CDC Reports Spike in Tick-Borne Diseases: Here’s How to Stay Safe
Summer is here, and with it comes the great outdoors! But before you hit the trails or set up camp in that picturesque wilderness scene, there’s one tiny but dangerous thing to keep in mind – ticks. The Centers for Disease Control (CDC) has reported a recent spike in tick-borne diseases across the US, and if you want to ensure your outdoor adventure doesn’t end prematurely due to an illness, it’s crucial to know how to protect yourself. In this blog post, we’ll cover everything from identifying ticks and their bites to preventative measures that can help keep you safe while enjoying nature. So let’s get started!
Tick-Borne Diseases on the Rise
There’s been a dramatic increase in tick-borne diseases in the U.S., according to the CDC. In just one year, the number of reported cases of Lyme disease Jumped 22%.
Other tick-borne illnesses are also on the rise, including Rocky Mountain spotted fever and anaplasmosis. The good news is that there are steps you can take to protect yourself from these diseases.
Here are some tips for avoiding tick bites:
• Avoid wooded and brushy areas where ticks live.
• Walk in the center of trails to avoid contact with vegetation.
• Use an EPA-approved repellent containing DEET, Picaridin, or oil of lemon eucalyptus on exposed skin.
• Wear long pants and long-sleeved shirts when outdoors. Tuck your pants into your socks so ticks can’t crawl up the inside of your pant legs.
How to Protect Yourself from Ticks
There are a few things you can do to protect yourself from ticks:
1. Use insect repellent. When you’re outside, use an insect repellent that contains at least 20% DEET.
2. Wear long sleeves and pants. This will help keep ticks from getting on your skin in the first place.
3. Check your body for ticks after being outdoors. Be sure to check all the nooks and crannies, like under your arms, in your groin, and behind your knees.
4. If you find a tick, remove it immediately with tweezers. Grasp the tick as close to the skin as possible and pull straight up. Avoid crushing the tick, which could release more infection-causing bacteria into your body.
5. Wash the area where the tick was attached with soap and water or alcohol wipes.
The Most Common Tick-Borne Diseases
Tick-borne diseases are on the rise in the United States, and the Centers for Disease Control and Prevention (CDC) is urging people to take steps to protect themselves from these potentially serious illnesses.
The most common tick-borne diseases in the U.S. are Lyme disease, Rocky Mountain spotted fever, and ehrlichiosis. Lyme disease is caused by the bacterium Borrelia burgdorferi, and is transmitted to humans through the bite of an infected deer tick. Symptoms of Lyme disease can include fever, headache, fatigue, and a distinctive bull’s-eye rash. If left untreated, Lyme disease can spread to the joints, heart, and nervous system and can be debilitating or even fatal.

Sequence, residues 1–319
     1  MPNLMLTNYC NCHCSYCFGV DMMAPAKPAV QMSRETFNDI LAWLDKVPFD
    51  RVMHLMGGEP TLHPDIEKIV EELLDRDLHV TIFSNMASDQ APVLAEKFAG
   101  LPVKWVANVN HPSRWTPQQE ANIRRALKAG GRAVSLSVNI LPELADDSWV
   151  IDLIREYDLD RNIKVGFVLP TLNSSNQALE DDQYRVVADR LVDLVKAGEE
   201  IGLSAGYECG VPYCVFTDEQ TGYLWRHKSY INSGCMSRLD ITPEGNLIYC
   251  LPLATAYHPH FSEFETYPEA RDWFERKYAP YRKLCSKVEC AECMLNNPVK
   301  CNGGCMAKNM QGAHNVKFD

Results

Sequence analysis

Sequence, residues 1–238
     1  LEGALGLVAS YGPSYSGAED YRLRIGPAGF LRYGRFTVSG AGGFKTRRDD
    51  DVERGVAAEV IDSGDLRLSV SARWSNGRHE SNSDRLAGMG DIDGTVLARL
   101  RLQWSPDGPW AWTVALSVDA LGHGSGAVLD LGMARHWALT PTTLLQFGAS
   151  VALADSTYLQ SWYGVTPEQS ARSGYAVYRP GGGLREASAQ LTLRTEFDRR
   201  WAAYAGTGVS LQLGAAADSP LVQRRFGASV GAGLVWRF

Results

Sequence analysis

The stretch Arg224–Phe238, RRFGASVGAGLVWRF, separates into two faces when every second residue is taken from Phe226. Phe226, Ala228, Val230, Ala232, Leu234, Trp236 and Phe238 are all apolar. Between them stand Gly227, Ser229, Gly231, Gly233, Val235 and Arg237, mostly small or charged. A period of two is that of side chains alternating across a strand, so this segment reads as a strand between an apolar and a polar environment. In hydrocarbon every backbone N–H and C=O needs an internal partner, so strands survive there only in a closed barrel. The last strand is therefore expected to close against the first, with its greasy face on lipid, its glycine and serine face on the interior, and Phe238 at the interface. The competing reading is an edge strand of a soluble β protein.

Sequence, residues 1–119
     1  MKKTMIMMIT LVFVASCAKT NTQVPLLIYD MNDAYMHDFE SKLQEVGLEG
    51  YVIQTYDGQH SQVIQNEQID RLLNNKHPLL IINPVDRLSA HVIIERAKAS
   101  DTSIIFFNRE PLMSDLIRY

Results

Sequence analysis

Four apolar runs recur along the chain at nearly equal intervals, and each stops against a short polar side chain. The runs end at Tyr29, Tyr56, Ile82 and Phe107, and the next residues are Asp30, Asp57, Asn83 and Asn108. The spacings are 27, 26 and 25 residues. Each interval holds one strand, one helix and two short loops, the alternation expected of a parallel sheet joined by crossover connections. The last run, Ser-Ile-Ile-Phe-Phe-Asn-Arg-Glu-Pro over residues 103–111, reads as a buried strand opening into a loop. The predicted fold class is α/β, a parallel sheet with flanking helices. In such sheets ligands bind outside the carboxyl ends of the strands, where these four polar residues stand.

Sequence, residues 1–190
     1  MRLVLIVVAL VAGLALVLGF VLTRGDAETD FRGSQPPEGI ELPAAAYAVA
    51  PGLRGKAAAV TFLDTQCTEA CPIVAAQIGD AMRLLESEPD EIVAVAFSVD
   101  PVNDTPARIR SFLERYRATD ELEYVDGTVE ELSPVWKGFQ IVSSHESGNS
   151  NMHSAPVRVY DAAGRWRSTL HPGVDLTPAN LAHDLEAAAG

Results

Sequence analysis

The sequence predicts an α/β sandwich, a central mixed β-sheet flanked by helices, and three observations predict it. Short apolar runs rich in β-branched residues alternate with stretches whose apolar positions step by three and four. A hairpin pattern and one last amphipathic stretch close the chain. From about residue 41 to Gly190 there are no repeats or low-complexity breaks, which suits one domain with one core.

Rocky Mountain spotted fever is caused by the bacterium Rickettsia rickettsii and is transmitted to humans through the bite of an infected American dog tick or Rocky Mountain wood tick. Symptoms of Rocky Mountain spotted fever typically appear 3-12 days after a tick bite and can include fever, headache, nausea, vomiting, muscle pain, and a rash that begins on the wrists and ankles and spreads to the rest of the body. If left untreated, Rocky Mountain spotted fever can be fatal.
Ehrlichiosis is caused by several different bacteria in the Ehrlichia genus and is transmitted to humans through the bite of an infected Lone Star tick or Deer tick. Symptoms of ehrlichiosis can include Fever Headache Fatigue Muscle ac
What to Do If You’re Bitten by a Tick
If you find a tick on your body, there’s no need to panic. There are a few simple steps you can take to remove the tick and reduce your risk of contracting a tick-borne disease.
First, use a pair of fine-tipped tweezers to grasp the tick as close to the skin’s surface as possible. Slowly and carefully pull the tick straight out from the skin. Avoid crushing or squeezing the tick, as this could release infected fluids into your body.
Once the tick is removed, thoroughly clean the bite area with soap and water or an alcohol-based disinfectant. Then, wash your hands with soap and water or an alcohol-based hand sanitizer.
If you develop any symptoms of a tick-borne disease in the days or weeks following a tick bite, see a doctor right away. Be sure to tell your doctor about your recent tick bite and any other potential exposures, such as spending time in woods or tall grasses.
To keep yourself safe from tick-borne diseases, it’s essential to take the necessary precautions when outdoors. Be sure to wear long clothing and insect repellent, check for ticks frequently after being outside, and remove them quickly if found. Additionally, keeping your yard well maintained can also help reduce the risk of exposure by removing their habitats. By following these tips you will be better prepared to protect yourself against any possible threats that may arise from tick-borne illnesses.